The Department of Agriculture, Environment and Rural Affairs (DAERA), Chief Veterinary Officer, Robert Huey, has this week restated his commitment to drive forward the eradication of bovine tuberculosis (bTB) from the cattle population in Northern Ireland.
He was speaking as he announced that DAERA would be deploying a range of additional and enhanced measures to strengthen its bTB Eradication Programme and improve its impact.
Mr Huey said: “Bovine TB continues to be a major concern for farmers across Northern Ireland and although we have a comprehensive bTB Eradication Programme, which is approved annually by the European Commission, disease incidence levels have recently shown a sharp increase.
“DAERA staff have continued to implement the bTB Programme to help tackle the disease. As a result of our robust bTB testing regime, working in partnership with farmers and private veterinary practitioners, around 90% of our herds are free from bTB and able to engage in international trade. However, in light of increasing bTB incidence over the past year, it is important that we continue to identify how we can improve the bTB Programme so that we can identify and remove infected animals at the earliest opportunity and take other actions needed to protect herds.”
The new measures will strengthen the bTB Programme and are in line with the TB Strategic Partnership Group’s (TBSPG) report. DAERA is currently considering in detail the TBSPG Strategy and its associated recommendations.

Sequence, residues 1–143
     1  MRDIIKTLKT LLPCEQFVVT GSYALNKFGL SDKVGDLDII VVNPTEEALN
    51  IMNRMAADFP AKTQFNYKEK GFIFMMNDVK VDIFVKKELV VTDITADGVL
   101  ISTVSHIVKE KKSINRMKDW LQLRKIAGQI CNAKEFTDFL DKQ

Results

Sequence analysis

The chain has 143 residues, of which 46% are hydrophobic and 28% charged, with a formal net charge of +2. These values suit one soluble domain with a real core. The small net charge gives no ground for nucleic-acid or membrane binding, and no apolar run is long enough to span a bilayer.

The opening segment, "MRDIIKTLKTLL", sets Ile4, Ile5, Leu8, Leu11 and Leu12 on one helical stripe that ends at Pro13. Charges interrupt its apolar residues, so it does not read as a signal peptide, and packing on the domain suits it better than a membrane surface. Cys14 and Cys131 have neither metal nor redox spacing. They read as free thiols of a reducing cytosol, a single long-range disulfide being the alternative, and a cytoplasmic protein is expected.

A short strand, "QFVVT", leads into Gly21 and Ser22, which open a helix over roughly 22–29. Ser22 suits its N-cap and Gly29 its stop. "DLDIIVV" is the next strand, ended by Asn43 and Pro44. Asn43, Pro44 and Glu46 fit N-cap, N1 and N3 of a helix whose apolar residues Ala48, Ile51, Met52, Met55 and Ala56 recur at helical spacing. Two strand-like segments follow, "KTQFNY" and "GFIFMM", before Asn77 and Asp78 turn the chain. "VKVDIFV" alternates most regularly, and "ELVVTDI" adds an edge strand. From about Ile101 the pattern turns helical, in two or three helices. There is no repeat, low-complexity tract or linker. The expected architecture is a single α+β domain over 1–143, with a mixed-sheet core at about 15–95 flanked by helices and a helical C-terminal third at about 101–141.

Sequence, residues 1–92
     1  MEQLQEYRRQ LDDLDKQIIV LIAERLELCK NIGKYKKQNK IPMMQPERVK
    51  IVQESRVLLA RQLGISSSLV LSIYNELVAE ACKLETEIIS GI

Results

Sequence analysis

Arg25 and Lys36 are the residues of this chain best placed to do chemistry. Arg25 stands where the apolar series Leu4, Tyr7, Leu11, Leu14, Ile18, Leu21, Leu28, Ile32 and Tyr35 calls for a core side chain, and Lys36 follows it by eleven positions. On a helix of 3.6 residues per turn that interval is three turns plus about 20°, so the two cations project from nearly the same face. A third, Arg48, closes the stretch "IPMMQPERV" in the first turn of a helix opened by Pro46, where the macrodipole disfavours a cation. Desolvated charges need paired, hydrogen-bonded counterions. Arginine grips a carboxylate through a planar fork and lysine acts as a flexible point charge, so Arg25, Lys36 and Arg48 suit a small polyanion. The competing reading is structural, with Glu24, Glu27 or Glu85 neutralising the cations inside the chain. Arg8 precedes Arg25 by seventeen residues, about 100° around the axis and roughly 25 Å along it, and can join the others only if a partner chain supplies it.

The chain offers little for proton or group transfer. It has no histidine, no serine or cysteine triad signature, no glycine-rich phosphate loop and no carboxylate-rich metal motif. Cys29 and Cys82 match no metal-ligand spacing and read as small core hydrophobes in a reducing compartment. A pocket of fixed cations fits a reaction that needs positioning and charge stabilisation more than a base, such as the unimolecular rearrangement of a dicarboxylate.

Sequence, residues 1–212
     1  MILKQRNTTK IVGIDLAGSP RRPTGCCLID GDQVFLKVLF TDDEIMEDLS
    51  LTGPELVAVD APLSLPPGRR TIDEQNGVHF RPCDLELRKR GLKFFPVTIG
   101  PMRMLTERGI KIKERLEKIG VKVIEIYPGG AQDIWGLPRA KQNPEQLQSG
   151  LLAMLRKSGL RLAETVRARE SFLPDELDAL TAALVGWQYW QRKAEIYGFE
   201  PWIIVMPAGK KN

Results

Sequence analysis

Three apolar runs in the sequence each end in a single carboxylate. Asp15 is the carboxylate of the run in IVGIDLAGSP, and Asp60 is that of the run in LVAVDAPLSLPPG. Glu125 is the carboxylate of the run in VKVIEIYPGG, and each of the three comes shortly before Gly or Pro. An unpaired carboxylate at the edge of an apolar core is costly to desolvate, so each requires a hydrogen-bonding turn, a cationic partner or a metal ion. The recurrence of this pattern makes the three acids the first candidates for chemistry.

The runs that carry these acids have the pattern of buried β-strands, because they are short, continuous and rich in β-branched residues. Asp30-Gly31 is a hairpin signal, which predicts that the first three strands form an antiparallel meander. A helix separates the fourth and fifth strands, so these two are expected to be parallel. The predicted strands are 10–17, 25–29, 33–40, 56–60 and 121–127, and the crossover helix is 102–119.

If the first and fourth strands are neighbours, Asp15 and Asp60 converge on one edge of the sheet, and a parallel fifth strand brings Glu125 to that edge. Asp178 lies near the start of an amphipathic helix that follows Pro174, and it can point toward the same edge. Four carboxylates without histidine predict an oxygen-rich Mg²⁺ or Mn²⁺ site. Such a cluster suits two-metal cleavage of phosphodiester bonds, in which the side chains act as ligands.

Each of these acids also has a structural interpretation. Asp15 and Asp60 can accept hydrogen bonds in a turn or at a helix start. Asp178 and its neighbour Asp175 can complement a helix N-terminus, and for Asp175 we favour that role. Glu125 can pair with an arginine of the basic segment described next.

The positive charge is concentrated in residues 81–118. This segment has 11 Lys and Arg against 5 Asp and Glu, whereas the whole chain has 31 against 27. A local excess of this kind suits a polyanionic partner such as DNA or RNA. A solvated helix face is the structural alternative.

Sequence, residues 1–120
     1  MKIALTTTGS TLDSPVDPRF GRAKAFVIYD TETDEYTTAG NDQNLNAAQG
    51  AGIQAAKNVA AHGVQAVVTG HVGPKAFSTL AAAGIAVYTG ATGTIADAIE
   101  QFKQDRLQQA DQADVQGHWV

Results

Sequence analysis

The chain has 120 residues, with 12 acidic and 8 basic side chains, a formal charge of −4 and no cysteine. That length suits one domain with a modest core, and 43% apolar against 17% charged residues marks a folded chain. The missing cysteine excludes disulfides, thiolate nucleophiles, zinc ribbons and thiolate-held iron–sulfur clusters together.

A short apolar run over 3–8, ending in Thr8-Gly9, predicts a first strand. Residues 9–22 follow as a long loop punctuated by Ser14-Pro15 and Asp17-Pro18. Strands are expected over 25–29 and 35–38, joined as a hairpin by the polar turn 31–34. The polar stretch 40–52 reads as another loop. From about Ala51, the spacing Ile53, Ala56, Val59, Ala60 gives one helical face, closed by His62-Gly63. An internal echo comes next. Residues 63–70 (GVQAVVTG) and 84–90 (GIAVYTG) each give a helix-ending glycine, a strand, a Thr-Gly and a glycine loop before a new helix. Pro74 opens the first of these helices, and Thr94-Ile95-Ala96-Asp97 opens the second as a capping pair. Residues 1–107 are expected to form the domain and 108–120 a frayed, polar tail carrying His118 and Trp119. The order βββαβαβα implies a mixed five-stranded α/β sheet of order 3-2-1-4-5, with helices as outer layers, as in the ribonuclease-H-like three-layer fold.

The measures, which will be rolled out in the coming weeks are as follows;
Further application of severe interpretation of skin tests in breakdown herds;
The introduction of a further herd test after a breakdown herd is derestricted in certain situations, to reduce the risk of further breakdowns;
A reactor quality assurance pilot to establish baseline data on bTB skin test reactions; and
The introduction of a biosecurity self-assessment checklist.
DAERA is also progressing a change which would see more herds that have more than one skin test reactor, during the course of a breakdown, have their Officially Tuberculosis Free (OTF) status withdrawn. This is a change to the bTB Programme designed to make our disease control measures more rigorous to give more assurance that such herds are in fact clear of bTB infection when they become free to move cattle to other herds. It is likely to be introduced in early in 2018.
In addition to the disease control measures outlined above, DAERA is also planning to survey badgers for bTB infection in two areas (one around Aghadowey, Co Londonderry and the other near Omagh). These have been selected as they are areas having a high density of herds with bTB reactors and are also thought to have a high density of badgers. The survey work will be focused on a small number of randomly selected 1km2 grids within each area. As part of these surveys, DAERA staff will commence the mapping of badger setts, blood testing of a small number of badgers and the removal of any test positive badgers for laboratory examination in these localities. The information gained will be used to help inform potential future wildlife intervention policies.